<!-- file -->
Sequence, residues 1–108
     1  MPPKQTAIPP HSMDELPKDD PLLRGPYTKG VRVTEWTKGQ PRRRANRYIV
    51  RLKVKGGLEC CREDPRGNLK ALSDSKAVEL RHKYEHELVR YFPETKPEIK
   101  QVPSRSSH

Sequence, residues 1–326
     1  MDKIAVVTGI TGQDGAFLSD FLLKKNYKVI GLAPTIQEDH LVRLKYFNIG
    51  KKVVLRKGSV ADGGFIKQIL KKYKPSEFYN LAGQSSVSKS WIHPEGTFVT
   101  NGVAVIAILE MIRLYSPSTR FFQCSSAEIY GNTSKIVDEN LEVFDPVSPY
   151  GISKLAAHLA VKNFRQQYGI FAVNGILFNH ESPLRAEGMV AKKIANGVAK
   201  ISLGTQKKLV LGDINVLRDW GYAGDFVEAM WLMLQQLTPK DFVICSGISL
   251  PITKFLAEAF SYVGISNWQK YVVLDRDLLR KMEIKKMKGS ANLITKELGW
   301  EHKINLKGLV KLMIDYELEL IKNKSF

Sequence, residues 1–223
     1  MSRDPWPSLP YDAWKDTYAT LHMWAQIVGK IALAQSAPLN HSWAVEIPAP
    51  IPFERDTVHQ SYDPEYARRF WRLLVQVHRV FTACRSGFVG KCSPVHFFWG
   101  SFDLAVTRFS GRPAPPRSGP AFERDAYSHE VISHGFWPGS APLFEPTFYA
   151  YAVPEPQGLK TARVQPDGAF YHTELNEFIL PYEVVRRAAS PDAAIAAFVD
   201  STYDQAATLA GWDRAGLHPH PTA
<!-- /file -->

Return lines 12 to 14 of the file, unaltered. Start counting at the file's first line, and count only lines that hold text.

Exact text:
   301  EHKINLKGLV KLMIDYELEL IKNKSF

Sequence, residues 1–223
     1  MSRDPWPSLP YDAWKDTYAT LHMWAQIVGK IALAQSAPLN HSWAVEIPAP